Michael Ford (post until Oct. 31/19)
Health

Dialogue RFPs can provide for more innovative solutions

As procurements become increasingly more complex, organizations may want to consider dialogue request for proposals (RFPs) rather than the more traditional procurement process, Toronto health lawyer Michael Gleeson tells AdvocateDaily.com.

“The traditional RFP approach works well when it’s a definable good or service being sought,” says Gleeson, a partner with DDO Health Law. “However, if a hospital is seeking technologies to solve a complex problem, a Dialogue RFP might lead to more innovative solutions.”

He says the Ontario health sector mainly takes the traditional RFP approach, where a purchaser issues a request document with a description of what they want to purchase and interested parties can submit proposals by a certain date. 

“It's their one chance to put their bid forward. Whatever they bid is solid — it's set in stone,” says Gleeson, who advises public hospitals and shared services organizations in doing RFP and procurement work.

“The purchaser compares the different bids and,based on the evaluation process set out in the request document, determines the proponent that has the highest score and enters negotiations with that proponent,” he says. “If the organization is looking to procure office supplies or basic medical equipment, this process works well.”

However, if an organization is looking for software or web-based platforms to solve a specific problem, for example, it’s not always clear what’s required or what’s out there in the marketplace.

“An organization can't easily put in a single request document outlining all of the things that they should be asking for because they don't always know what the specifications should be,” Gleeson says.

A dialogue RFP is a more complex procurement process suitable for these types of scenarios, he says. The dialogue  RFP — also known as a competitive dialogue — typically involves two stages. First is the initial request document, which is similar to the traditional RFP.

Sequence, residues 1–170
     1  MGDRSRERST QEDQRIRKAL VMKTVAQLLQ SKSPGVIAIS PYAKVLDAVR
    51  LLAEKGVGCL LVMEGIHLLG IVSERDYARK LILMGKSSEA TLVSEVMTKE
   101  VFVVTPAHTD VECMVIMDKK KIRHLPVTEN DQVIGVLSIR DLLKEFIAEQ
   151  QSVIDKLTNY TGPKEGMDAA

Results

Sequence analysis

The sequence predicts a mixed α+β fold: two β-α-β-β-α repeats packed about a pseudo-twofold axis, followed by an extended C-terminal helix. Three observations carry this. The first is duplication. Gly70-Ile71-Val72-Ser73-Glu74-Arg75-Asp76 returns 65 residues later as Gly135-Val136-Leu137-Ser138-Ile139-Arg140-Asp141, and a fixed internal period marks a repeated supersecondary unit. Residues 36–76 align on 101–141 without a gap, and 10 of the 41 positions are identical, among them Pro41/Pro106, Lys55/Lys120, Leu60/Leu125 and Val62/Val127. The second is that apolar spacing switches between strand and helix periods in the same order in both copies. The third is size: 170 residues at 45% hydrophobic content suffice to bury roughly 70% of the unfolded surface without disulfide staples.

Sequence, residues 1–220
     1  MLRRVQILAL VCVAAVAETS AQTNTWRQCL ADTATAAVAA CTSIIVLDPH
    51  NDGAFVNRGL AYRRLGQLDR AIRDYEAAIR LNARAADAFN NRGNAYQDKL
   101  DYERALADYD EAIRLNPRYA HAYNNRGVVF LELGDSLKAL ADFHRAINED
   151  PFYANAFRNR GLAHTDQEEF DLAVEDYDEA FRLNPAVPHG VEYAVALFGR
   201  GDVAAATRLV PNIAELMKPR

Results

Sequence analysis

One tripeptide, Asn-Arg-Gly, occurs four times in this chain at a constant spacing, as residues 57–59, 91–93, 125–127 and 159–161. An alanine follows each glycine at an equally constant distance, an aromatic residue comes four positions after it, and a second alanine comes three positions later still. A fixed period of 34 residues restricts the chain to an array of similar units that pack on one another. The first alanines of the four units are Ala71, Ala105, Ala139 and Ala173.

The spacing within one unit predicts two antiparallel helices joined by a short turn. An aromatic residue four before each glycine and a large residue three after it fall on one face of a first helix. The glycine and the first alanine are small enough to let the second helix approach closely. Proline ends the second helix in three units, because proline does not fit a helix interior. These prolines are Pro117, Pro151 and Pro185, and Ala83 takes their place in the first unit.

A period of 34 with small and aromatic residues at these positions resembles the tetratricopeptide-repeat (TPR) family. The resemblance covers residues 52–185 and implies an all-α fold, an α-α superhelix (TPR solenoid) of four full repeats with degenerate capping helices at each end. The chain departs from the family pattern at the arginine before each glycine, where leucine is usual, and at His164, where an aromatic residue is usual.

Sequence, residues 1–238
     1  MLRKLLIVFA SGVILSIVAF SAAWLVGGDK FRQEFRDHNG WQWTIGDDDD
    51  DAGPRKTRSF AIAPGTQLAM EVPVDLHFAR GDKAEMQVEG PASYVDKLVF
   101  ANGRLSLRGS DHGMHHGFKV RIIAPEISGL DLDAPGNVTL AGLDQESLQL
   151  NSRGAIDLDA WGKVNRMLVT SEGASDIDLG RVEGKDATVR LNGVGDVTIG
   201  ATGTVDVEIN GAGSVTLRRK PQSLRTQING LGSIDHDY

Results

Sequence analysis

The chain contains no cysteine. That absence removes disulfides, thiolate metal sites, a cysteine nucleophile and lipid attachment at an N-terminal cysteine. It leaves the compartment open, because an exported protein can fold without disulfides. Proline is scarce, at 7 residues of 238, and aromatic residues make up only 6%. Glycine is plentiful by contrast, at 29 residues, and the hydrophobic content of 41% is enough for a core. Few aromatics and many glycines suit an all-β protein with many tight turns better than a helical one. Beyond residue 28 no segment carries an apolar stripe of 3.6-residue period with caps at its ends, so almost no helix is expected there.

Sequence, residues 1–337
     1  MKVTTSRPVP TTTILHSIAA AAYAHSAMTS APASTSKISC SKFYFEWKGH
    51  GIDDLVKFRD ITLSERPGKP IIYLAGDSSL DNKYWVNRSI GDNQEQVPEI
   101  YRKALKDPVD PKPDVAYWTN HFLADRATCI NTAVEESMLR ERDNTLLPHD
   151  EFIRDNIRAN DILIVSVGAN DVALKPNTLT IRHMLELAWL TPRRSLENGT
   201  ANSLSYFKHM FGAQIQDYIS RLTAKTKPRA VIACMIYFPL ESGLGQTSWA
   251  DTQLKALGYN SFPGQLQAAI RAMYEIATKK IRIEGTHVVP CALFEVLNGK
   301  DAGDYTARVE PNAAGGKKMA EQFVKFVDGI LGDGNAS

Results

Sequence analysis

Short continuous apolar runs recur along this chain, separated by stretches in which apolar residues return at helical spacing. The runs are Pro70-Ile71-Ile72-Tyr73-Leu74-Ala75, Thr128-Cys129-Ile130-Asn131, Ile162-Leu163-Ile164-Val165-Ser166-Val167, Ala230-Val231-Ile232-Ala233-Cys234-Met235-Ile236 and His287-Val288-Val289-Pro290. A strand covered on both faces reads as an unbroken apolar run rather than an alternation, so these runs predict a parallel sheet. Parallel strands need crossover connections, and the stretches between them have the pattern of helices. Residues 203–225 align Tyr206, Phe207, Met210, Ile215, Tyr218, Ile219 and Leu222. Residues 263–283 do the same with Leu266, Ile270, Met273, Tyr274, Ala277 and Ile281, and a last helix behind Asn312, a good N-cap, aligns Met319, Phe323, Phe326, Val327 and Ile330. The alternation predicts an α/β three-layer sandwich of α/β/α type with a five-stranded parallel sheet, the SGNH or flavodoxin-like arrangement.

“The purchaser communicates that it has a problem, is seeking a solution and anyone who wants to participate should submit their initial bid by a certain date,” he says. “Where the dialogue RFP differs is that after the initial bid, there is a short list of proponents based on an evaluation of expertise, qualifications and proposed solution.”

The organization then has a confidential dialogue with those on the short list so it can better understand the solutions being put forward and tease out the details.

“At the same time, the bidder can also get a better understanding of the purchaser’s specific needs,” Gleeson says.

At the end of the dialogue portion of the process, the purchaser invites the short-listed proponents to submit their best and final offer — or make changes to their solution in light of the conversation.

This allows for more innovative solutions, he says, because there are some solutions that a vendor may be able to recognize and create once they have a better understanding of the challenges or problems the purchaser is facing.

“Without having the dialogue, each party only has its own knowledge about the technology or the problem,” Gleeson says. “This dialogue also allows for more tailored solutions that best suit an organization's needs.”

While this model is ideal in certain scenarios, it’s not without downsides.

“A dialogue RFP consumes more time and resources than the traditional model, so it probably only makes sense for complex procurements,” Gleeson says. “To that end, vendors may be less willing to participate because the process is more time-consuming. You may see fewer bids or only receive them from large companies with the resources to participate in such a process.”

Because the negotiations are confidential, it could lead to situations where a successful bidder makes accusations that there may be collusion or unfair treatment.

“There's more risk for claims of an unfair process generally because an organization is relying on its evaluation team to make sure they remain subjective and maintain confidentiality and privacy,” he says. “I think because there are more personal interactions involved in the process, there's more room for human error.”

If a procurement team isn’t properly educated on the risks, it could spell trouble.

Gleeson says Supply Chain Ontario, which is part of the Ministry of Government and Consumer Services, is promoting more creative methods of procurement and has helpful resources on its site.

He says these types of procurements are fairly common in the U.K., Australia and New Zealand but are growing in popularity in Canada.

“In the last couple of years, I’ve had more clients using this process or enquiring about it without actually referring to it as a dialogue or a negotiated RFP,” Gleeson says. “It can be a great tool, but the few times you use it, it makes sense to obtain legal advice.”

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